A Richland business awarded millions of dollars worth of work at Hanford has paid $235,000 to resolve allegations it served only as a front company to bid for a subcontract.
The Department of Justice reached the settlement with Sage Tec and its owner Laura Shikashio shortly after reaching a settlement agreement with another Hanford subcontractor accused of being involved in the alleged scheme.
Washington Closure Hanford, a former Department of Energy environmental cleanup contractor at the Hanford nuclear reservation, was required by DOE to award some of the work in its contract to small, disadvantaged businesses, such as woman-owned businesses.
Sage Tec, owned by the wife of a former vice president of Federal Engineers & Constructors (FE&C) of Richland, was awarded two subcontracts by Washington Closure as a small, woman-owned business, according to a federal lawsuit.
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But most of the work was not done by a small, woman-owned business, but by FE&C, according to the lawsuit.
A month earlier FE&C agreed to pay $2 million to resolve allegations that it used Sage Tec as a front company to win Washington Closure contracts.
“While FE&C believes that it complied in all material respects with the applicable regulations, we are glad to put these costly and complicated legal proceedings behind us so we can focus all of our energies on providing the high-quality construction and remediation work that has been our hallmark since the company was founded in 2001,” said FE&C chief executive Richard French.
While FE&C believes that it complied in all material respects with the applicable regulations, we are glad to put these costly and complicated legal proceedings behind us so we can focus all of our energies on providing the high-quality construction and remediation work that has been our hallmark.
Richard French, FE&C chief executive
Sage Tec, Shikashio and FE&C have admitted no liability in their settlement agreements.
The federal lawsuit was filed in 2010 by Savage Logistics — a small, woman-owned business that was doing Hanford work — alleging, among other complaints, that the subcontracts were improperly awarded to Sage Tec.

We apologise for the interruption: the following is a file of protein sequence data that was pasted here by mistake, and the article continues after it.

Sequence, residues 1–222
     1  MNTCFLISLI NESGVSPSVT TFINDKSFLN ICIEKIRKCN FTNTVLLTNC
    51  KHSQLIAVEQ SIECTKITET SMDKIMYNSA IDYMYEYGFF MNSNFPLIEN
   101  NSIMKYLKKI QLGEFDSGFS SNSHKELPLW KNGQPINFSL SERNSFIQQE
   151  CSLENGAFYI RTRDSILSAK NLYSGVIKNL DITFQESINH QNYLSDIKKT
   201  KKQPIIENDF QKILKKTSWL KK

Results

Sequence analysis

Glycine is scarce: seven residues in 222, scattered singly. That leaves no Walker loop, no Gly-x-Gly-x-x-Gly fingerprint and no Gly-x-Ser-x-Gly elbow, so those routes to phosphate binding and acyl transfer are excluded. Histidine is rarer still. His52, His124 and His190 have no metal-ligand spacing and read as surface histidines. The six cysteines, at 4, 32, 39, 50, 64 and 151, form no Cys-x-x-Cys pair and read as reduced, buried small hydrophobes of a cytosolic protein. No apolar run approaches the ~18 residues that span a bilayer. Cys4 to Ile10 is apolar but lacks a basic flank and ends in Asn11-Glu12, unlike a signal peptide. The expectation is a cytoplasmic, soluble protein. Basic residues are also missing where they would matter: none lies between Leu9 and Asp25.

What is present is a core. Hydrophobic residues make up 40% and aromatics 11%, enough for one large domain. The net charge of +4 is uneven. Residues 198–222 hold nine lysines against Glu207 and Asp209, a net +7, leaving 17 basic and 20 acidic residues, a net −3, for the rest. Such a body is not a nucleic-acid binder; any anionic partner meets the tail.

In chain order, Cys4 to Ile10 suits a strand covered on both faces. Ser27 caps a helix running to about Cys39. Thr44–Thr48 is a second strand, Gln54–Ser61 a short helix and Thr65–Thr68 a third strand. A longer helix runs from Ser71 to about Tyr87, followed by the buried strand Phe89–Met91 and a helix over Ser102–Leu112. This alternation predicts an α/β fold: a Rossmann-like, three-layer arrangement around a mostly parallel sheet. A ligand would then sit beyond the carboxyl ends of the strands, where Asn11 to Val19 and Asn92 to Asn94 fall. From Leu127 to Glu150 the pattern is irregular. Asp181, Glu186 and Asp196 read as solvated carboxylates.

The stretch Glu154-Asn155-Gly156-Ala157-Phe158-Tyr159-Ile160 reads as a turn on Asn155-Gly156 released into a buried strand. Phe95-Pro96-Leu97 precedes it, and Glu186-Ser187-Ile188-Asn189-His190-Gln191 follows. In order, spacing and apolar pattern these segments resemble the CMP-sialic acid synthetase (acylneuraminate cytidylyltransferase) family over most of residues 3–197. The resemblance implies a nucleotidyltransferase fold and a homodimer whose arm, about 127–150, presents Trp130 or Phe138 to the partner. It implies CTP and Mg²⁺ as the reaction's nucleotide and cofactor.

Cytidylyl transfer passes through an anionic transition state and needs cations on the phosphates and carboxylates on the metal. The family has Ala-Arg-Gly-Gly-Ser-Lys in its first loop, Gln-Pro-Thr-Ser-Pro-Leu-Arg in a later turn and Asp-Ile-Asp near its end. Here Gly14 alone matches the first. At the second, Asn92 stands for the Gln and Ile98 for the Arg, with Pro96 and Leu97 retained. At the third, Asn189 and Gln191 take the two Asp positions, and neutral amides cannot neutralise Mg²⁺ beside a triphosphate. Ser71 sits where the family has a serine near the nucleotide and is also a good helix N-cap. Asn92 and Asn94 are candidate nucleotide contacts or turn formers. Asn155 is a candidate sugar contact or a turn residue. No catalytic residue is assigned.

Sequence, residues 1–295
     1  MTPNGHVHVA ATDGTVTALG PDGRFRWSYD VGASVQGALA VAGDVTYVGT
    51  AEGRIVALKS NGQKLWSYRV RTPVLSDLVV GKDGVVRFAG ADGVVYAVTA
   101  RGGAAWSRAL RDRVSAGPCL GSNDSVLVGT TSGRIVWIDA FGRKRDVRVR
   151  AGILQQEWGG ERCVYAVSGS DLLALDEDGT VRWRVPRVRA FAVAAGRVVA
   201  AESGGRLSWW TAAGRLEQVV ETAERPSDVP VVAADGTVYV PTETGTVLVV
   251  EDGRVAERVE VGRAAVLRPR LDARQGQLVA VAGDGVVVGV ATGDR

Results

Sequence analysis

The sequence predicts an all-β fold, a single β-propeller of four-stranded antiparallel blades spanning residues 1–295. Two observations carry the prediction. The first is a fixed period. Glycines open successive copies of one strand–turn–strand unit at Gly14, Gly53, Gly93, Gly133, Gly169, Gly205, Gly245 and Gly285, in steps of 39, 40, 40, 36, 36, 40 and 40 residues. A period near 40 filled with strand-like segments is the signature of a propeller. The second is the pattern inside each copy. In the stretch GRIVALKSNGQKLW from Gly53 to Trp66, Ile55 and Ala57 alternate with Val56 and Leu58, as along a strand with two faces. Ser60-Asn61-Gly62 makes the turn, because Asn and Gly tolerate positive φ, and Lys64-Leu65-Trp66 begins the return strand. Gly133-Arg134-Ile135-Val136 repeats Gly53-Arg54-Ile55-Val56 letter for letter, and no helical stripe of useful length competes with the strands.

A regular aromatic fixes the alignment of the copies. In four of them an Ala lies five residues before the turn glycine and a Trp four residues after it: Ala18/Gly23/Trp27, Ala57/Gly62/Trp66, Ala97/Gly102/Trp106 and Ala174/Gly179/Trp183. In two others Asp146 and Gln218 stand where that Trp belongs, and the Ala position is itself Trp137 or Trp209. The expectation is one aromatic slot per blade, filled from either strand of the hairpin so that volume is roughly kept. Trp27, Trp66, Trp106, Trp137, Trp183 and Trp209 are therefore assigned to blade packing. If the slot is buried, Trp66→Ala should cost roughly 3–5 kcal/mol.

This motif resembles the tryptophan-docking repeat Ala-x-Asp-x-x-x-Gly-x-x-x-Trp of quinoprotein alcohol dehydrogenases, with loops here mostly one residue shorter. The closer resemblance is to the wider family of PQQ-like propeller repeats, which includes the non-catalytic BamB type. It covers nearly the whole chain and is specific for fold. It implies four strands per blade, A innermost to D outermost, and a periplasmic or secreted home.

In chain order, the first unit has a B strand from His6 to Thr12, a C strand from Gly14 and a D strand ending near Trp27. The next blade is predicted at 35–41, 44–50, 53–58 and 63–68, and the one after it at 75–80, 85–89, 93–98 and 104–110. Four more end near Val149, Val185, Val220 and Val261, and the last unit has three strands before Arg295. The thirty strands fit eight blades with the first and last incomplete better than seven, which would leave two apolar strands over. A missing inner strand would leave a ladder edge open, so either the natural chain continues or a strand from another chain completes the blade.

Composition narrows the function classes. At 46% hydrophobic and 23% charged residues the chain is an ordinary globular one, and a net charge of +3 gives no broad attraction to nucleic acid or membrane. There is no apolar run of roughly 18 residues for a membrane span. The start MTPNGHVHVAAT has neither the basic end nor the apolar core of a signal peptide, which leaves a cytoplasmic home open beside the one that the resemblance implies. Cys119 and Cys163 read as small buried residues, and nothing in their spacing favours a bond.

In December 2013, the Justice Department joined Savage Logistics in filing a civil lawsuit against Sage Tec, Shikashio, FE&C and Washington Closure, accusing them of violating the False Claims Act.
Under the act, a whistleblower who exposes fraud against the federal government may be eligible to receive a portion of any settlement or recovered money.
Savage Logistics and its owner, Salina Savage, will receive $47,000 of the $235,000 Sage Tec settlement, according to the U.S. Attorney’s Office of the Eastern District of Washington. They also were to receive $470,000 of the previously announced FE&C settlement.
In separate agreements, Sage Tec will pay $45,000 and FE&C will pay $100,000 for Savage’s attorney fees and costs.
Small business fraud not only harms the taxpayers and the vital cleanup mission at Hanford, but also legitimate small, disadvantages businesses that are cheated from the opportunity to fairly compete for and perform DOE subcontracts.
Joseph Harrington, acting U.S. attorney for the Eastern District of Washington
The subcontracting arrangement was intended to deceive the government into believing that a woman-owned small, disadvantaged business was performing valuable work as a government subcontractor, said Hannibal "Mike" Ware, the Small Business Administration acting inspector general, when the Sage Tec and Shikashio settlement was announced Friday.
“Small business fraud not only harms the taxpayers and the vital cleanup mission at Hanford, but also legitimate small, disadvantages businesses that are cheated from the opportunity to fairly compete for and perform DOE subcontracts,” said Joseph Harrington, acting U.S. attorney for Eastern Washington.
Sage Tec had been awarded a $4.5 million subcontract in November 2010 to clean up chromium contamination near Hanford's C Reactor.
However, Sage Tec had no relevant experience, no equipment and no employees other than its owner, according to the legal complaint. All it had to offer was its name and status as a woman-owned small company, federal prosecutors said.
FE&C employees, who stayed on that company’s payroll, performed most of the work, prosecutors said in 2013.
Two years later, Washington Closure awarded Sage Tec a $15 million subcontract for cleanup of contaminated structures, soil and pipelines in the 300 Area just north of Richland, but Sage Tec still had only one employee and no equipment, according to the Department of Justice complaint.